It is Flywire technology that allows Nike the opportunity to be able to create such a light cleat. The upper is made of a super light Teijen that is lined with specifically positioned Flywire. There are wires that come from the heel area to the center of the cleat, while there is a second set of wires that line vertically along the outside. Next up is the key to the Superfly II, the adjustable studs. You can clearly differentiate these studs from the others as they have very distinct wings around a small round inner stud. The idea is that when you apply pressure to the front of the cleat, the inner red stud extends out and allows for extra traction when you swivel. There are two adaptive studs on each cleat. After testing, this is more noticeable on grass surfaces than on turf fields. Does it actually work? It is difficult to say. You actually can’t get the adjustable studs to extend without wearing them, so it takes extensive pressure to get the technology to behave as expected. To be honest, it almost reminds me of the Twist’n Go technology that Lotto has adopted in their range.
Style and Design
The initial release from Nike was in a Violet colorway, but Eurosport also released an exclusive Dark Obsidian/White/Cool Mint color and that is what I was testing. To be honest, I prefer this color far more than the Violet as it is not as bright and the mix of Obsidian and Cool Mint goes really well together. Another thing that I like is that Nike uses no lace cover. While testing the Vapor VI, the lace cover was one of my negatives as it caused issues with actually getting my feet into the cleats. You can also clearly see the carbon fiber composite on the clear sole of the cleat. This is a big plus for me and is something you won’t see on very many other releases. Nike has again used the hollowed out blades to decrease weight. I think this looks great, and to be honest I would like to see this on all cleats!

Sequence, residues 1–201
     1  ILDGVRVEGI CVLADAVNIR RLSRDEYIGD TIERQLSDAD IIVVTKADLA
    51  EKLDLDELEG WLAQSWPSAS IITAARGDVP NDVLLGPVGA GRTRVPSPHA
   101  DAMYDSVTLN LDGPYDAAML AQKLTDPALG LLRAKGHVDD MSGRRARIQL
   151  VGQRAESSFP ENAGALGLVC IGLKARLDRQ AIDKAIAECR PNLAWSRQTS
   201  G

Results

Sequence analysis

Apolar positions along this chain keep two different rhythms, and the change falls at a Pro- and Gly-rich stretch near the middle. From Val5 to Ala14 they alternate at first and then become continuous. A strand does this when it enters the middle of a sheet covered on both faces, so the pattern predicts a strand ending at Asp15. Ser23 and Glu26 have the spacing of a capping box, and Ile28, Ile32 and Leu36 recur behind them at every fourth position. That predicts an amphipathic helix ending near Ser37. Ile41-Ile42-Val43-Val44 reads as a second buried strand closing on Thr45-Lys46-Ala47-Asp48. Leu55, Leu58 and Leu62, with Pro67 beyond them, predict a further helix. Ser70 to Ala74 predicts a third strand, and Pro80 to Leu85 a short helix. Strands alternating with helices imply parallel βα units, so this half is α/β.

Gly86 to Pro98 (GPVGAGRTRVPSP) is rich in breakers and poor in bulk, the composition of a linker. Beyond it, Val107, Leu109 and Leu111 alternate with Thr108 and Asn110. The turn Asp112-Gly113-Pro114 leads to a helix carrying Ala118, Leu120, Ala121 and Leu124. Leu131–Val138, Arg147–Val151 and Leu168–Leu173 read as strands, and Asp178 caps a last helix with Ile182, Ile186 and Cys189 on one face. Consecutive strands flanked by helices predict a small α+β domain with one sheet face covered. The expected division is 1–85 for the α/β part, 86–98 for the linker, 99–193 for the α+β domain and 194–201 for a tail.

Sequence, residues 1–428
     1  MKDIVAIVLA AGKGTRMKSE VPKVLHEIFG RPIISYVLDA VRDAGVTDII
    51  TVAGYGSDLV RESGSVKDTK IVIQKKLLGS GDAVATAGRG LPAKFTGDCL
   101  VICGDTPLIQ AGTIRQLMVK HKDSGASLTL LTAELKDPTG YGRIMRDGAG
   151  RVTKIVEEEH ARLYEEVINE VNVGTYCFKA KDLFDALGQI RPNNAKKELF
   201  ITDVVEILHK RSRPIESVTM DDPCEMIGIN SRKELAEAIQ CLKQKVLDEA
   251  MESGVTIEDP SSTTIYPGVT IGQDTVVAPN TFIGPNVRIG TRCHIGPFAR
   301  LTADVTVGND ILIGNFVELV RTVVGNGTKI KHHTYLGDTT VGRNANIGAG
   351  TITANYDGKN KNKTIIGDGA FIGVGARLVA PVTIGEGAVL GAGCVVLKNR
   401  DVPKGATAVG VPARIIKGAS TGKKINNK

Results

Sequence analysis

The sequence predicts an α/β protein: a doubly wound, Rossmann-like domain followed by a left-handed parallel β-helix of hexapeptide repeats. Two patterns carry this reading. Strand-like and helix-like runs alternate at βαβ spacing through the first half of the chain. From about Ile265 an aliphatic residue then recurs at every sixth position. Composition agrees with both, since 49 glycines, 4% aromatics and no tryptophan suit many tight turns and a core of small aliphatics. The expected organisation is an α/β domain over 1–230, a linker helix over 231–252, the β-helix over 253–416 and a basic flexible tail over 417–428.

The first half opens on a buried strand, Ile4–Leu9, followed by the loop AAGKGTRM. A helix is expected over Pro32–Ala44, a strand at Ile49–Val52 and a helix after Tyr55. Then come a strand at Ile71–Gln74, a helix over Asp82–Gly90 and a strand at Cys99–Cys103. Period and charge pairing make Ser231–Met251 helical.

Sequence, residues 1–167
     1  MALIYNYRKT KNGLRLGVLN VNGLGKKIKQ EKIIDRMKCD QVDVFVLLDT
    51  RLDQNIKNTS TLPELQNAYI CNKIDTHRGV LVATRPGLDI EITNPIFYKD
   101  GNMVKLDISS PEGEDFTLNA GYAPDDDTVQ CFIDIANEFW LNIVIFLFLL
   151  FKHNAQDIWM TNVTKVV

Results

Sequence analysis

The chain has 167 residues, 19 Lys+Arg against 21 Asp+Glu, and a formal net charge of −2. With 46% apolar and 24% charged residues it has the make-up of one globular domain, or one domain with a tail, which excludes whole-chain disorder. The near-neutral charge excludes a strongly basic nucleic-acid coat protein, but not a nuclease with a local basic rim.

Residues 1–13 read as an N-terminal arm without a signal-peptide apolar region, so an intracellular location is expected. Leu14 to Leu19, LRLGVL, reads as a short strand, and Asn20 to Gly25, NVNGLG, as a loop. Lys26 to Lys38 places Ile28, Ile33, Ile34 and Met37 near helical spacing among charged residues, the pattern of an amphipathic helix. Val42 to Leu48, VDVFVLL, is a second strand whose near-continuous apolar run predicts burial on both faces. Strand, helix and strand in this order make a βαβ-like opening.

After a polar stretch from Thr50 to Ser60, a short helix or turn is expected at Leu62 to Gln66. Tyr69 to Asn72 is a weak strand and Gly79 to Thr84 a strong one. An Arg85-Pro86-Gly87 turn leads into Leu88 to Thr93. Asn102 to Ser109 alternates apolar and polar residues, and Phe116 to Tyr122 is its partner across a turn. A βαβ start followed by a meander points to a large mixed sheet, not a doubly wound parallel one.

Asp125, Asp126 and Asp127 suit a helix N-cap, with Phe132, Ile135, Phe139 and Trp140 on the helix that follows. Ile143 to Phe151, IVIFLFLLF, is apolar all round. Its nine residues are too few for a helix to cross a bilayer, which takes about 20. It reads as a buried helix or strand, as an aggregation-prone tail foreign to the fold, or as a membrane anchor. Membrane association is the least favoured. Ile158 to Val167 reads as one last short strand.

It took some time to actually break these cleats in, and for the price I don’t think this should be the case. If you are paying a lot of money for a pair of cleats, they should offer comfort that surpasses anything else on the market. But that is completely not the case with these. I am also pretty disappointed in how much blistering they caused. If you read a lot of prior reviews, you will note that I don’t blister very often, and am careful about ensuring a boot is well broken in before using them competitively. I am big on giving up comfort just to have a lighter cleat.
I am still in awe at how Nike has developed a boot that can weigh a super light 7.8oz. It almost defies logic, and you really have to hold them in your hand to understand just how light they are! There purpose is to be a speed boot, designed to give you the greatest advantage when it comes to beating the opposition to the ball. The combination of Flywire technology and the new adjustable studs combines for deadly acceleration, especially when it comes to sharp turns. At around $400, you really need to be sure that these are the cleat that you are looking for and really want, while knowing that you will need to be patient in order to allow them to adapt to your feet. Personally, I don’t believe they are in any way worth the money, but I am sure there are players who are willing to invest and trust in Nike’s technology!
(*boots supplied for review by soccer.com)